This CD brings together scores early, middle, and late. The earliest, the first piano concerto, already shows the characteristics of the mature Flagello: emotional storms, vigorous, even angry counterpoint, and the gift for the memorable, song-like theme, free of cliché. The composer wrote three piano concerti (numbers 2 and 3 available on Artek AR0002-2), all very different. The second shows traces of an almost-sunny interwar neoclassicism. The third (orchestrated by another) is altogether more dark, more stormy, and the neoclassicisms burrow down deeper below the surface. The first comes almost as a surprise, in many ways modeled on Rachmaninoff's second concerto, with that work's gestures neatly updated. Indeed, at one point, about halfway into the first movement, one encounters an outright steal, but undeniably highly effective. I strongly suspect he either had the older score on his work table or listened to a recording several times with more than casual attent! ion. Flagello composed this concerto as part of his award of a Master's degree from the Manhattan School of Music. Not only does he keep tight, sovereign control over motific development (I count essentially two themes for the entire movement, which, by the way, runs longer than the other two combined) and which ends with a blazing fugato, but he also creates a powerful and genuine Romantic expression. It also shows a deep understanding, not only of the orchestra, but of the virtuoso piano. There's a tremendous cadenza that, unlike many, manages to grip the listener, not only as a display of keyboard jockitude, but for its own musical sake. In some ways, here and there, it reminds me of the Barber piano concerto, but Flagello beat Barber to the punch by over a decade. It's just the kind of modern concerto that has a shot at real popularity, and it hadn't been played in over fifty years. This is, astonishingly, its first recording.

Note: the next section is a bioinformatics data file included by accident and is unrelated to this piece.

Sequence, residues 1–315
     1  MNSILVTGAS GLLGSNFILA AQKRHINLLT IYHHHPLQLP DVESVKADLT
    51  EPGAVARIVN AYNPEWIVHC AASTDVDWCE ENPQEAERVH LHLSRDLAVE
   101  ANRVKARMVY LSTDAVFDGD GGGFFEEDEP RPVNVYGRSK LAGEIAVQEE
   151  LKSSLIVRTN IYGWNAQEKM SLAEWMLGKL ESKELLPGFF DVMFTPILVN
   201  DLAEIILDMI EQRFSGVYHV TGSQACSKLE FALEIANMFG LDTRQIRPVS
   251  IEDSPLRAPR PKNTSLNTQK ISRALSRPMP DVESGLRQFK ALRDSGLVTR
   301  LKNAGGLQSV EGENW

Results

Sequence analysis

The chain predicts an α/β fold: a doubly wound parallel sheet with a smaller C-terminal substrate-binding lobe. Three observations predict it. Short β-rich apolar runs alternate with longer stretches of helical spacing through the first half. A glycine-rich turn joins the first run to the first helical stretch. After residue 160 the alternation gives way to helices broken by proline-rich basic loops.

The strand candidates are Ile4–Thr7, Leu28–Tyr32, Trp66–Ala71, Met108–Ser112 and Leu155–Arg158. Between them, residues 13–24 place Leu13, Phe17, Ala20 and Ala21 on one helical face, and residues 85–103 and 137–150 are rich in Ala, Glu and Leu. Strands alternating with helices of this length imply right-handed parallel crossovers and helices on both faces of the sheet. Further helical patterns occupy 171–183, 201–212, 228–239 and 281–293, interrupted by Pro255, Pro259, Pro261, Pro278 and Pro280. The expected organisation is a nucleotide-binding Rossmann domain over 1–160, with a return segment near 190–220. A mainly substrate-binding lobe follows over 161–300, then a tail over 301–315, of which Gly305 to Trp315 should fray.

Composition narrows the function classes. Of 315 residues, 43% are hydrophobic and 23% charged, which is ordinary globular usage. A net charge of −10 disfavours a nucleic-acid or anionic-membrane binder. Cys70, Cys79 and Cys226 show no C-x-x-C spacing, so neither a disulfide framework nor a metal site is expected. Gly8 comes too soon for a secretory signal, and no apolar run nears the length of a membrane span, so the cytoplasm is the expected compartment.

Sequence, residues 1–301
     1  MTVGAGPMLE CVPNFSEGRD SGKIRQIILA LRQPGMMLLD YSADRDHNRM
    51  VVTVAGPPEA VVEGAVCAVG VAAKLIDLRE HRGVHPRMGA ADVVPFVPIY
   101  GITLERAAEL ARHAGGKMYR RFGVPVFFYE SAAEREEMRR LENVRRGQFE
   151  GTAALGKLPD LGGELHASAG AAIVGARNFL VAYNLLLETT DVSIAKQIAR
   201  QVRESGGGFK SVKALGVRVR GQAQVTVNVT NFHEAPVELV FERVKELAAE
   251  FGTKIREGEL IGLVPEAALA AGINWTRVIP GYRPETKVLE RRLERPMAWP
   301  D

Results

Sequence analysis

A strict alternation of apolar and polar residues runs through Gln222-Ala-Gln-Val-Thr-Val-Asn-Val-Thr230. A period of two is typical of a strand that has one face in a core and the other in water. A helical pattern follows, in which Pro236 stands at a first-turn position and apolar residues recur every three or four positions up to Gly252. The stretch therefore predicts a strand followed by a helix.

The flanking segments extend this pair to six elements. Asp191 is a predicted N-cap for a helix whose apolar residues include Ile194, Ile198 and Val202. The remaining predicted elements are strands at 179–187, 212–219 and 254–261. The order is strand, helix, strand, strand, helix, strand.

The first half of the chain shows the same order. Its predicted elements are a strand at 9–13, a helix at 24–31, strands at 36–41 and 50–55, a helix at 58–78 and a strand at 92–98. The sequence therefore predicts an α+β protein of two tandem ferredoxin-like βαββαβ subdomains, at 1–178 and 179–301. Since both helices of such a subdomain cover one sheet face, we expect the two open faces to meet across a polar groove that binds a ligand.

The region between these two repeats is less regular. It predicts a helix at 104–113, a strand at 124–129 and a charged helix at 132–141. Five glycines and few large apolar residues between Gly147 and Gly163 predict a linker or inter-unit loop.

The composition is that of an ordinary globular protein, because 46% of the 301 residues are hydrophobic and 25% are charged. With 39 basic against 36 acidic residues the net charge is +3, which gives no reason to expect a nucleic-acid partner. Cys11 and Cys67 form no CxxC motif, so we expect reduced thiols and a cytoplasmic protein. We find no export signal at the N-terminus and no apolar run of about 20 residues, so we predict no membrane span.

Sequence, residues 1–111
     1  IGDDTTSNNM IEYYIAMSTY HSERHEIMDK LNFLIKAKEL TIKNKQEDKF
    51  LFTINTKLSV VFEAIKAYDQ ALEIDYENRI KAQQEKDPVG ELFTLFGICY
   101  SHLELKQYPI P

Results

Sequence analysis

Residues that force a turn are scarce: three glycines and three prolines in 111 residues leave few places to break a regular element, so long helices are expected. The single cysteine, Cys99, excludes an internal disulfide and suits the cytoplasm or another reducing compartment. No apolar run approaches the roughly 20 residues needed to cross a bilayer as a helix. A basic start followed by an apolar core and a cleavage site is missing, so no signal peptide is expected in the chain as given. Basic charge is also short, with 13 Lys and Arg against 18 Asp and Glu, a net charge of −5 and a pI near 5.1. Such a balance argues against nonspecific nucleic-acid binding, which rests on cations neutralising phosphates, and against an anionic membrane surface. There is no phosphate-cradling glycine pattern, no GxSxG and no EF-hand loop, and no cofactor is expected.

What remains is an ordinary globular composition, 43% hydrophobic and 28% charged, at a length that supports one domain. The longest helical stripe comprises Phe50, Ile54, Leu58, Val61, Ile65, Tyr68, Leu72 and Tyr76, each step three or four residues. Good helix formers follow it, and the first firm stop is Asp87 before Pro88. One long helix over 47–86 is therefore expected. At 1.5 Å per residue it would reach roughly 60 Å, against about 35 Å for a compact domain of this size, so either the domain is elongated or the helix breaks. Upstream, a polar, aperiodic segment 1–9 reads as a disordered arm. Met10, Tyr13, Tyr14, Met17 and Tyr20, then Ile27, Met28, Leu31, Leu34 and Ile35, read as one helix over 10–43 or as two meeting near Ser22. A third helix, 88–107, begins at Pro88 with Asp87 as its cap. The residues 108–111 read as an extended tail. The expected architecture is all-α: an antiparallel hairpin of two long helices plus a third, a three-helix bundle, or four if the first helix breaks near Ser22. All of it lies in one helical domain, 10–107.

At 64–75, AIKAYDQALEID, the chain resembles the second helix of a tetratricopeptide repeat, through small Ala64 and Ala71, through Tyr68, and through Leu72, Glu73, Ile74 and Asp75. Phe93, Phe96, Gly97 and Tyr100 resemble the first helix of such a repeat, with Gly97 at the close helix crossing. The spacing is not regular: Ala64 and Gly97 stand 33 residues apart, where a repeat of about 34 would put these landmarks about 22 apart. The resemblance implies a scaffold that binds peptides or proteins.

The second movement generates a long song out of one simple idea: a rising scale and its opposite, a falling one. I find this the most characteristic movement, the one that foretells the mature Flagello. The Rachmaninoff tropes have disappeared. Flagello still sings, but in his own way, with a certain beautiful regret and yearning. The finale, an insistent halling with powerful cross-accents, drives to the finish. This is a concerto designed to wow, and it does so without condescension or pastiche.

The concerto holds no terrors for Serbian pianist Tatjana Rankovich (now on the faculty of the Mannes College), one of my favorite performers, who routinely takes risks on unknown repertoire. She undoubtedly knows like the back of her well-muscled hand the Russian school of piano writing Flagello makes use of. She plays with a fiery power. At the end of the recording I, without giving it a thought, stood up. Imagine what she would do to a live audience. John McLaughlin Williams gives her sturdy, worthy support from an orchestra which, under other batons, I have known to lie there like a lox. Nobody dogs it here.